The protocol definition of a TB case was a diagnosis of intrathoracic tuberculosis with either two positive sputum smears and/or one single positive sputum culture (“bacteriologically confirmed TB”). However, data on all individuals placed on TB treatment by a physician were recorded (“all TB”). A chest x-ray consistent with active tuberculosis was defined as “compatible with TB” - this included pleural effusions. An “abnormal chest x-ray” was defined as any abnormality judged to be evidence of active disease including TB and evidence of old/previous disease.

Sample Size Determination

Those agreeing to participate determined the sample size. Based on routine TB programme data, we expected to find an incidence rate of bacteriologically confirmed TB of 0.5 per 100 person years. With an anticipated sample size of 6,500 and an expected incidence rate of bacteriologically confirmed TB of 0.5 per 100 person years over two years of follow up, we expected to yield a 95% confidence interval (precision) of approximately 0.4 to 0.6/100 person years.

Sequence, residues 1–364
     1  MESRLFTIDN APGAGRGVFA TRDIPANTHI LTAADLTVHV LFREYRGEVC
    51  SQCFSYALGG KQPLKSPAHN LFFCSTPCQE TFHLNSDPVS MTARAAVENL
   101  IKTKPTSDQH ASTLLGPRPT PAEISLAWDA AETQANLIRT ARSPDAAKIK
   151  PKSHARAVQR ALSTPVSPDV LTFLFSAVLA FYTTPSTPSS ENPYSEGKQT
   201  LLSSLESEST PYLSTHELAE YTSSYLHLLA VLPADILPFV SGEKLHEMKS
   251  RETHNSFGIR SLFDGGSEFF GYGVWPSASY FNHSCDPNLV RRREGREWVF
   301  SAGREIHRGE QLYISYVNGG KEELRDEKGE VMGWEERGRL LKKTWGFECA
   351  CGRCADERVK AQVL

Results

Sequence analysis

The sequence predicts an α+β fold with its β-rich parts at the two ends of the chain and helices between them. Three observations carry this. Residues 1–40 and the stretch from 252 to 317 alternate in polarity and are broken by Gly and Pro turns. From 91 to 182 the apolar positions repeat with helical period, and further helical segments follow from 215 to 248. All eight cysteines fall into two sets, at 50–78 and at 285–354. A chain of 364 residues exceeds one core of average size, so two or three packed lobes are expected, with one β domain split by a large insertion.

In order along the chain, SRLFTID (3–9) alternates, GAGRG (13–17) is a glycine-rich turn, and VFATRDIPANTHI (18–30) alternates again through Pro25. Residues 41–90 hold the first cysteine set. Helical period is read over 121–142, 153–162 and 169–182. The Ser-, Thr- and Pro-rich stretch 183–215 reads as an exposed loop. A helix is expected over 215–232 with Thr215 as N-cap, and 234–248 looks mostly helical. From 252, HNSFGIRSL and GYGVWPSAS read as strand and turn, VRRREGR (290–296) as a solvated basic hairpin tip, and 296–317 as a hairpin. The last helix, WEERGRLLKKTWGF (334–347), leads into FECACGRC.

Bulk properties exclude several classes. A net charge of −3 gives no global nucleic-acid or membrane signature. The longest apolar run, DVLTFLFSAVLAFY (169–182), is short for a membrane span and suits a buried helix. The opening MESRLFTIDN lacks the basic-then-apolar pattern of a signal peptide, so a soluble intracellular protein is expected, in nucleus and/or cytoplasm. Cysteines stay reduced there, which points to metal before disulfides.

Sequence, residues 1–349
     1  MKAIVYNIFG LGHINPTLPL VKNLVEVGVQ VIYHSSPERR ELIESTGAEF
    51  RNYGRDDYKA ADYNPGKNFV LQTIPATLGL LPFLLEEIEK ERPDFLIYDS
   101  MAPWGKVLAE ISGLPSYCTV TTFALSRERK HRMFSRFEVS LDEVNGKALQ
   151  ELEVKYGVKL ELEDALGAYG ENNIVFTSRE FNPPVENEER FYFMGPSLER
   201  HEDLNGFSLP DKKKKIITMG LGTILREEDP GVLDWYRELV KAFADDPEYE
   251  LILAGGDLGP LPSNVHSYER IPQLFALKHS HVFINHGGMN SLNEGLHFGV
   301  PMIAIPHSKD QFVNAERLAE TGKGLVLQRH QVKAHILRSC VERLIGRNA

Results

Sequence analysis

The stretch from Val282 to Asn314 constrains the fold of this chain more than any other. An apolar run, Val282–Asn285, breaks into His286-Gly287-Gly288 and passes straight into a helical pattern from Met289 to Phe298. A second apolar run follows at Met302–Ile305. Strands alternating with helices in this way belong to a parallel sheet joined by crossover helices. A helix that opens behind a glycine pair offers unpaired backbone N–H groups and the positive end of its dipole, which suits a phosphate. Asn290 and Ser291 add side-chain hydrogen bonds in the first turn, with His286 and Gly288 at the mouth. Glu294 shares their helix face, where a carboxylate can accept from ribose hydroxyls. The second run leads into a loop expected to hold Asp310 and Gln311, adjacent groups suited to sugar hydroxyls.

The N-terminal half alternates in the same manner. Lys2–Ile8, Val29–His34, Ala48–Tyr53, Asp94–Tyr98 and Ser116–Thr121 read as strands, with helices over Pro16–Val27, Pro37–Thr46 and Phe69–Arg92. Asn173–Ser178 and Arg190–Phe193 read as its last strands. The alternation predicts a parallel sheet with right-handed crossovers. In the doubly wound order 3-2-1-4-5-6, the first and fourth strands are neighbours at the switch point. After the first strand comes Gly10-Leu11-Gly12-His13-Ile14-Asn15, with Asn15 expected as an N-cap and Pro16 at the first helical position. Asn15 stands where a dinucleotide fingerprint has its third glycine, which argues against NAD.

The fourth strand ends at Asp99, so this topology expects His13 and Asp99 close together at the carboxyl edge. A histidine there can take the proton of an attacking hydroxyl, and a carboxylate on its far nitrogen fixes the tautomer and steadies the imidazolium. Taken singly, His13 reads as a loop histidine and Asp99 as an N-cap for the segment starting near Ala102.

Data Analysis and Statistical Considerations

Data were captured in a Microsoft Access database, and analysed with STATA version 11.0 (Statacorp, Texas, USA). Data were verified and validated prior, during and after data entry according to a data entry standard operating procedure.